Awoke early, eager to return to Portland but sad to leave Japan. It’s been a fantastic experience, with new adventures, new friends, and a greater knowledge of beautiful Japanese gardens.
After the usual hotel breakfast, and confirmation of our airport shuttle time, Alan and I took a walk through the Imperial Palace grounds across the street from the hotel. This was the seat of government for hundreds of years, starting in 794. Now, it’s a public park, with baseball diamonds, croquet courts, and wide paths. It’s a very popular place for bicycling and dog walking. Of course, there are also the old palace buildings (which I didn’t take the time to explore), and the new official government guest house, only open to visiting heads of state.
Wandered onto Teramachi, a popular shopping street I had not yet visited. Like so many other streets in Kyoto, old buildings are next door to new ones, shops that sell traditional Japanese goods like tea and osembei appear next to contemporary boutiques and a Mercedes dealer.
Spent some delightful time at Ippodo, a 140-year-old tea store that sells the wonderful green tea grown in Uji, just south of Kyoto. Quoting from one of Diane Durston’s books, “Ippo-do was once designated by the Imperial Household Agency as a purveyor to the imperial family (though such designations were officially discontinued after World War II). Until the twentieth century, tea was a luxury in which only the upper classes indulged. Said to have been brought back from China by the Buddhist monk Eisai in 1191, tea gained prominence as a beverage among the samurai when Sen no Rikyu perfected the tea ceremony some four centuries later. For the next five hundred years, it was drunk in its powdered form, called matcha. In the mid-eighteenth century, the process of making sencha, the rolled-leaf type of green tea, was discovered. When a tea processing machine was introduced in the early 1920s, the common people were finally initiated to the formerly exclusive pleasures of green tea.”
We visited other stores in the vicinity, including those that sell tea ceremony implements, calligraphy ink and implements, antiques, and beautiful paper. I bought a dragon, since 2012 is the Year of the Dragon, but it’s a good thing my bags were packed (full) or I would have stressed out my Visa card even more! Reluctantly, we walked back to hotel and grabbed a snack before the shuttle van picked us up at 1 PM.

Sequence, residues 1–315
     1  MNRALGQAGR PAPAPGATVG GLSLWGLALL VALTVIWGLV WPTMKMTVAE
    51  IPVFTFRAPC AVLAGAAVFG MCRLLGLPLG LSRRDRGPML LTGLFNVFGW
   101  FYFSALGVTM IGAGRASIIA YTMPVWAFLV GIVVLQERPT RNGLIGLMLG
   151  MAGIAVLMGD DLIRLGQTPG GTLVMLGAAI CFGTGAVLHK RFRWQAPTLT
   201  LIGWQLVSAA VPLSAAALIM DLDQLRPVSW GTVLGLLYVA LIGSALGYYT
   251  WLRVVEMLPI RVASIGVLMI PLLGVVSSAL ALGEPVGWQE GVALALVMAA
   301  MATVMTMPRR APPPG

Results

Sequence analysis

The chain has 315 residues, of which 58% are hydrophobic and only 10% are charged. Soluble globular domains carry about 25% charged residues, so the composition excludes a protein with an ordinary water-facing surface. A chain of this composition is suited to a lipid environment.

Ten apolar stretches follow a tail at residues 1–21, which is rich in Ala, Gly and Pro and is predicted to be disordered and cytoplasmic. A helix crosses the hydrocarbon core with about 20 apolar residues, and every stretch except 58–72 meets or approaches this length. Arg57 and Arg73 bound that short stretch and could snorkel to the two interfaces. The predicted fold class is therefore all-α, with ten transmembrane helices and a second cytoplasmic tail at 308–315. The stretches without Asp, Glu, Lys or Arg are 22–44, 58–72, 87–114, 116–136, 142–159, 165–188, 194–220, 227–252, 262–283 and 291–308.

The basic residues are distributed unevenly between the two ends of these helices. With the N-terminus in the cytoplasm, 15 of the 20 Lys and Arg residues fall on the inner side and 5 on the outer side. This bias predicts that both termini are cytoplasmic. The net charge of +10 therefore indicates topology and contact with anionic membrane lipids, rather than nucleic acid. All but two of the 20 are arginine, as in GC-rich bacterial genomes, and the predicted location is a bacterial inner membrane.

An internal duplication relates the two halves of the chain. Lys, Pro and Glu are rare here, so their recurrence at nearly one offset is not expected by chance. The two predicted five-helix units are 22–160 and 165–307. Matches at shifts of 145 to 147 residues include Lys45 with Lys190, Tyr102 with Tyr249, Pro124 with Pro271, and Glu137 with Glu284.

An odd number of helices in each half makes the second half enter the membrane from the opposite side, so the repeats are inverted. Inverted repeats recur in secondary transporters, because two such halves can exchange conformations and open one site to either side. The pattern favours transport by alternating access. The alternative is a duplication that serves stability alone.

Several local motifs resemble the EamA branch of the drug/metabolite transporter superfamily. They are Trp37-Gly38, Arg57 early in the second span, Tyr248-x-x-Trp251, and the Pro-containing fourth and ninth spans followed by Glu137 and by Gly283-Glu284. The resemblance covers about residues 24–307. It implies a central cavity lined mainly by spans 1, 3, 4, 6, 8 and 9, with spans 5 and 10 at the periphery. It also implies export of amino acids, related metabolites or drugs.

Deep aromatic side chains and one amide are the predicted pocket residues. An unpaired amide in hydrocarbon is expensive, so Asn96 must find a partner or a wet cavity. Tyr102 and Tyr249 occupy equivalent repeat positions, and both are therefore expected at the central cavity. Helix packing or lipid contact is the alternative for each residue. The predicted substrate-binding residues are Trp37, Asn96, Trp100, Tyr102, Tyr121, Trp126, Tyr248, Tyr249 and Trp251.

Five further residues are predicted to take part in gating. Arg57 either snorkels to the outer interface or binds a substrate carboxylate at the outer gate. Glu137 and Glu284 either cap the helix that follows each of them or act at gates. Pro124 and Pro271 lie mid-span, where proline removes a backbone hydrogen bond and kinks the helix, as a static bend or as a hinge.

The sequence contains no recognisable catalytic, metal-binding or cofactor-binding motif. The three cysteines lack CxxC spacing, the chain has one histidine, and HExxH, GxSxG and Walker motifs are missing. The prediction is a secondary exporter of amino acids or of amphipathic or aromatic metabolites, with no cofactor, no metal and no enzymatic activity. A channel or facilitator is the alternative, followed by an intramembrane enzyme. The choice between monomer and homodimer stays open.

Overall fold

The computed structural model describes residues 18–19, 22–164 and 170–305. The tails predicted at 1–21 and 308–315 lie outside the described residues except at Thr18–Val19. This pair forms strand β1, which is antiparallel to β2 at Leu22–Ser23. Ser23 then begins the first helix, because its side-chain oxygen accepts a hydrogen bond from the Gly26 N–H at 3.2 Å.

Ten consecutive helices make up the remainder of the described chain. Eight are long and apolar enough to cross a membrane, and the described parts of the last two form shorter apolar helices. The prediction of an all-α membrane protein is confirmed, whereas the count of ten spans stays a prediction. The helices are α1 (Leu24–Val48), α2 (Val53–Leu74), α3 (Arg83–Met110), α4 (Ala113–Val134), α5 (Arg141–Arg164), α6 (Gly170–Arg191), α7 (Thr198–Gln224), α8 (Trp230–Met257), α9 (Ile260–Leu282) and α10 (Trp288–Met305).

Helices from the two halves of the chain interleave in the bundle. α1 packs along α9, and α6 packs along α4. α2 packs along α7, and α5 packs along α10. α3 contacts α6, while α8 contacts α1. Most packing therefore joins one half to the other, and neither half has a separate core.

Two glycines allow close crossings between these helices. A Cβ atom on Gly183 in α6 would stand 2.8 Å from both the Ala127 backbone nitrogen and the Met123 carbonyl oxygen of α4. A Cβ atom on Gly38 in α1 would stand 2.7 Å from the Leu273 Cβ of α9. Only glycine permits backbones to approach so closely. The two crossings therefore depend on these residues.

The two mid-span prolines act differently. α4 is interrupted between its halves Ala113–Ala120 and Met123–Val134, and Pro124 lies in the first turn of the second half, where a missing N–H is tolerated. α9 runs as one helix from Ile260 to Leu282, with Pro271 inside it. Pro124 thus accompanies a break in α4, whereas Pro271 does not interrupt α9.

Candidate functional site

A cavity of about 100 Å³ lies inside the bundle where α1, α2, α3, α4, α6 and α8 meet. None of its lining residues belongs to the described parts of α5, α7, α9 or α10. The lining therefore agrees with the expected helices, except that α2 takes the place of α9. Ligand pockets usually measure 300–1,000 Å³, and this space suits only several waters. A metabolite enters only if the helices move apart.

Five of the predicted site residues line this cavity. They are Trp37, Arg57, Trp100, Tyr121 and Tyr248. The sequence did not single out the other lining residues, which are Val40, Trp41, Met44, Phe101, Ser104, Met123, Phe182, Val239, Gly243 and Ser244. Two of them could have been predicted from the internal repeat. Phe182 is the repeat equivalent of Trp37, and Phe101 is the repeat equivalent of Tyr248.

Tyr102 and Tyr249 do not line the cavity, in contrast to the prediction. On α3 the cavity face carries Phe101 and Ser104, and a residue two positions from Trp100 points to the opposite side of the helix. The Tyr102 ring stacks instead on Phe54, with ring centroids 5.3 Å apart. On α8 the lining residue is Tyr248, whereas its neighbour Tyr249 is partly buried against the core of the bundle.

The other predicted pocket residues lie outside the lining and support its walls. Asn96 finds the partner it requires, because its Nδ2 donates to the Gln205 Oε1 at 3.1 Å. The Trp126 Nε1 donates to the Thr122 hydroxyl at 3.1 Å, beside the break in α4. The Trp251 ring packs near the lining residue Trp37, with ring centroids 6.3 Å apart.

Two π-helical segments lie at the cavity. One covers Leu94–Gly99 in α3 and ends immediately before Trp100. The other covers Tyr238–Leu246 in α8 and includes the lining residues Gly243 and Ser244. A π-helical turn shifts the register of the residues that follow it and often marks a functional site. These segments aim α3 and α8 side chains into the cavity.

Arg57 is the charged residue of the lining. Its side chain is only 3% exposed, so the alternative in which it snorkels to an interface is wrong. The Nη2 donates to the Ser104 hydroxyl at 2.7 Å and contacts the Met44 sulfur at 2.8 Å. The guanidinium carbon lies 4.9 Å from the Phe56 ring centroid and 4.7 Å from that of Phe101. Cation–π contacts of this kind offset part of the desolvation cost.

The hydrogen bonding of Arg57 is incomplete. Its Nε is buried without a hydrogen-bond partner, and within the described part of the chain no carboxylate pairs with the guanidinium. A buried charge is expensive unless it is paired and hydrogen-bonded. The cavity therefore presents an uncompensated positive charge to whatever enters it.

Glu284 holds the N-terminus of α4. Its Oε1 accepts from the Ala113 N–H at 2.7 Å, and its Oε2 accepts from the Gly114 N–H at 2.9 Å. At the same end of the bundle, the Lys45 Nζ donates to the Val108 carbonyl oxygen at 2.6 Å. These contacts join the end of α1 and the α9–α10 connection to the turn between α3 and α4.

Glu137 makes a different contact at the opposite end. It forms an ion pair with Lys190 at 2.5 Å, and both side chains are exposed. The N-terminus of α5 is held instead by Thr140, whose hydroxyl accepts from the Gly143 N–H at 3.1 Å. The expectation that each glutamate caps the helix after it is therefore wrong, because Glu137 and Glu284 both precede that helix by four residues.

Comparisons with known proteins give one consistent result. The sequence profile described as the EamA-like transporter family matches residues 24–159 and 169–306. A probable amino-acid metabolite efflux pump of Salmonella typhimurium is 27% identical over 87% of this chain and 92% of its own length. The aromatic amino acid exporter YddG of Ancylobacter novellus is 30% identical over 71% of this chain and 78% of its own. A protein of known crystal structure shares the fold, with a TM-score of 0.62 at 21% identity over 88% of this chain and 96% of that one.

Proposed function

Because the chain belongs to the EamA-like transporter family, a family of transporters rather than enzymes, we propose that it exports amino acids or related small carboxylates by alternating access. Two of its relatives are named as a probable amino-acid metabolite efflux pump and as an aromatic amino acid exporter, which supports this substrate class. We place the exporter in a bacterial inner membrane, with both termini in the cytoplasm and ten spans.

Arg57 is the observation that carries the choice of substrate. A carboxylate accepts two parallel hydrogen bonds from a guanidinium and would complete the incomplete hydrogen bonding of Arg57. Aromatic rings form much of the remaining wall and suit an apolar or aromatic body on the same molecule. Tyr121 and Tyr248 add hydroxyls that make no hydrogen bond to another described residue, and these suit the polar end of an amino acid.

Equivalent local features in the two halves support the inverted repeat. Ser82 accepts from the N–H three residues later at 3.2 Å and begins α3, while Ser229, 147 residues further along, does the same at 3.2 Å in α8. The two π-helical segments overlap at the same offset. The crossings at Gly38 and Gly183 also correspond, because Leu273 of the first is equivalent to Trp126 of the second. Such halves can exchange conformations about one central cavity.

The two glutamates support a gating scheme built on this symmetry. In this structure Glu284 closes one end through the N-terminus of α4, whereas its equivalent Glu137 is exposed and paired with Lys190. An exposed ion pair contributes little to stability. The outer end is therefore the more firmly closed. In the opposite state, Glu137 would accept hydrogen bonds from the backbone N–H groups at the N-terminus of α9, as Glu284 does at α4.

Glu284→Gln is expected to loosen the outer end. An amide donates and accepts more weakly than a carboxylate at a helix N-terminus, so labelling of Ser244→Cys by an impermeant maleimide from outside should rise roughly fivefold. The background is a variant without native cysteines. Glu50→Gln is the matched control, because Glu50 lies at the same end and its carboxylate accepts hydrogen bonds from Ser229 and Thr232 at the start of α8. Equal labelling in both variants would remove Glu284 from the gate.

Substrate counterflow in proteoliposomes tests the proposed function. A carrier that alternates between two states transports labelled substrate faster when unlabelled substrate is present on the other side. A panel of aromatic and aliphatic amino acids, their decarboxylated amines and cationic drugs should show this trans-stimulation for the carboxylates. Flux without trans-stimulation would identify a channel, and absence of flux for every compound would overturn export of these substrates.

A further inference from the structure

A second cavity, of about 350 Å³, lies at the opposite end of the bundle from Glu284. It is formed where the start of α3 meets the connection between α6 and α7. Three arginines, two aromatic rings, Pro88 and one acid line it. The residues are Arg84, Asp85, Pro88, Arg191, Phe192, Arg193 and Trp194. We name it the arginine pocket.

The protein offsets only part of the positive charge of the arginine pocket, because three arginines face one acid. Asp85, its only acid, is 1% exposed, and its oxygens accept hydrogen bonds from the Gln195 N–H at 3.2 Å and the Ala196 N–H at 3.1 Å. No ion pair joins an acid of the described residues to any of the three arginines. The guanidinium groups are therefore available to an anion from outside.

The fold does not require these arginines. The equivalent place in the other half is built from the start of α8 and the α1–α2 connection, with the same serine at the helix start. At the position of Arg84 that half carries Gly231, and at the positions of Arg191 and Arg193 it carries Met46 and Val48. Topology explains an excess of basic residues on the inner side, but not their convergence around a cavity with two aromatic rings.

Two hours later, we had driven from Kyoto to Osaka and back to Kansai airport. One more quick purchase at Uni-qlo (say it out loud and you’ll know what they sell), then through security and onto the big bird that winged its way, in record time due to a strong tail wind, back to the US. The long lay-over in SFO was tedious, but we made it back to Portland a bit early.
I would like to return to Kyoto, as it seems a more manageable city than Tokyo to visit. So many other possibilities for exploration exist within walking, bus, or train distance from the central city.
Nice to be home, though I find myself saying, “a week ago I was….” The trip was memorable in so many ways—of course, the wonderful gardens, the expertise of Douglas and Tamao, new friends, almost perfect weather! I was sorry that the fall leaf colors were just beginning. Apparently, best color is seen late in November or December in Kyoto, but it's much more likely to be cold then. Of course, had we been wowed by the fall color, we might have been distracted from the design elements that Douglas stressed.
The trip has taught me to appreciate the intricacies of Japanese gardens and respect even more the skill and commitment it takes to maintain their beauty. I continue to enjoy and appreciate Japanese people and my experiences in the beautiful and fascinating country.